In the times of Polish People’s Republic, when religion and all other key aspects of Polish identity were being actively supressed, the interests of Catholic Church in Poland as an institution and the interests of raison d’etat were aligned to a great extent. Today it is not the case.
The superiority of the Church over the political power was legitimized by the papacy of Pope John Paul II, who was for a few generations of Poles the last means of escape from the uncertainty of their lives – the visible proof of supernatural protection. Since the death of “our” Pope, Poles were left alone with the Church. And, apparently, they are currently facing some difficulties with it. When the reality has already been directed towards the future, the Church not only remained closed but also became even more backwards-thinking.
The Church uses state institutions to safeguard its own interests – accumulating fortune, extending priviledges, holding factual and symbolic power. It claims the right to control the minds of people and demands that the taxtpayers have a whip-round for its evangelization mission. The cross is no longer just a symbol of transdendence, it is used as a completely earthly symbol of controling yet another sphere of life. The Church – hostile towards sexuality as such – belives that it has the right to impose its rules regarding how to behave on both, its followers and the non-believers.
Abandoning the idea of a statewide symbolism which evokes the general feeling of citizenship connecting all Poles despite what their religious beliefs may be weighs on every political party in the Third Polish Republic. However, the Catholic rituals are a significant part of Polish tradition also for the non-believers. That’s just how it is. This is why battling against it or creating atheist equivalents of a religious staffage may evoke a disdainful smile at best.
The Poles who send their children to attend religion lessons at school so they “are left in peace”, those who have church weddings because it’s more “festive”, those who go to church twice a year because “you’re supposed to” – the conformists with no religious expectations, people who easily pressured into anything are the perfect target for the Church. Those who actively fight against it are easily discredited by a straight-forward question “What’s that to them?”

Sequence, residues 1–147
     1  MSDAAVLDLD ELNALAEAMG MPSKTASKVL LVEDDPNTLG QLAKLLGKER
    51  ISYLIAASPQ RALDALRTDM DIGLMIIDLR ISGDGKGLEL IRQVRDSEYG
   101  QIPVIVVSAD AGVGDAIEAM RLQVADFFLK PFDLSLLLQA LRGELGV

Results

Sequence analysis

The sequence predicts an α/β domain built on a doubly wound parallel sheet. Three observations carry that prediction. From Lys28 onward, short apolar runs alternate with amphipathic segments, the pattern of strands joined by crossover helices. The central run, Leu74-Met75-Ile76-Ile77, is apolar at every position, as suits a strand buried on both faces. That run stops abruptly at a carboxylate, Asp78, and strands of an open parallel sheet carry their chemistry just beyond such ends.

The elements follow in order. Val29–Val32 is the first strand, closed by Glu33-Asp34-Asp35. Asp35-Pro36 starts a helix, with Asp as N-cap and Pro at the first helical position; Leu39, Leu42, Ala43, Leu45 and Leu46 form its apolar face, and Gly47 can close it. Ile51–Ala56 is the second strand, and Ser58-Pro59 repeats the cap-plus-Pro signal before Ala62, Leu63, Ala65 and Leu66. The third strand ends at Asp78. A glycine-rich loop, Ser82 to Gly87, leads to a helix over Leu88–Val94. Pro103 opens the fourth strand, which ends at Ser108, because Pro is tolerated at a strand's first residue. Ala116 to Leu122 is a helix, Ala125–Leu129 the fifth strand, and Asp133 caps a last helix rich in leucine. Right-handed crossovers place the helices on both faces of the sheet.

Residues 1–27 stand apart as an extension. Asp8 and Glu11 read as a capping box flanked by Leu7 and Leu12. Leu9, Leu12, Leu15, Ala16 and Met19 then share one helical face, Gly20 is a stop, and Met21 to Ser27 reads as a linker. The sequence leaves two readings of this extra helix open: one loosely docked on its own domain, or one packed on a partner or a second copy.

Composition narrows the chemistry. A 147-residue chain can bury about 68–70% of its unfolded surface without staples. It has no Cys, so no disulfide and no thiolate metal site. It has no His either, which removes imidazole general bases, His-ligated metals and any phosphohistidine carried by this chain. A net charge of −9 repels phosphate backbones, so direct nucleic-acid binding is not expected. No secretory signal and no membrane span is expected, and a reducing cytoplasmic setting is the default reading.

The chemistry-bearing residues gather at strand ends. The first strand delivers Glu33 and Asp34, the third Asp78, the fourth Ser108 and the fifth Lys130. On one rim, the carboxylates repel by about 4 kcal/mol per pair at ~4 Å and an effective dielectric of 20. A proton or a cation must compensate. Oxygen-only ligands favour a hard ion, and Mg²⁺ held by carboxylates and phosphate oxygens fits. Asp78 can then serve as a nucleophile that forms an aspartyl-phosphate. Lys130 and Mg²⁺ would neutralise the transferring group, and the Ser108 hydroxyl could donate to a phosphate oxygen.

People who look for authentic religious experience in Church will say that the hateful and simply stupid statements uttered by bishops can be easily justified: after all, they are just people, and people make mistakes. These are the people who are most dissapointed with the Church. The response will be privatization of faith, disappointment, open rebellion and ultimately, leaving the community alltogether.
The Church does no longer pretend to hold back. It’s time for harvesting. It becomes more and more shameless in its demands to have control over yet another sphere of life, completely ignoring the fact that such a cynical way of using people for their own agendas generates an ever-growing dyscomfort, also in a number of Catholics. Saying that the Church in Poland is lifting us morally sounds more like a bad joke.
The alliance of the throne and the altar in Poland never ended well. This time it may end up badly also for the Church itself. The “Zapaterization” in the formerly Catholic but now more secular Spain until recently sounded like an utter phantasmagoria.
Limiting the political influence of the Church and a return to a state for all the citizens who exhibit good will – both, those who believe in the Catholic God and those who do not – is currently one of the most crucial tasks for our generation. For the sake of the entire community, and especially the part that cares about the future of Catholic faith in Poland.
Translated by Olga Łabendowicz
The article was originally published in Polish at: http://liberte.pl/kosciol-katolicki-z-bogiem-i-chocby-mimo-boga/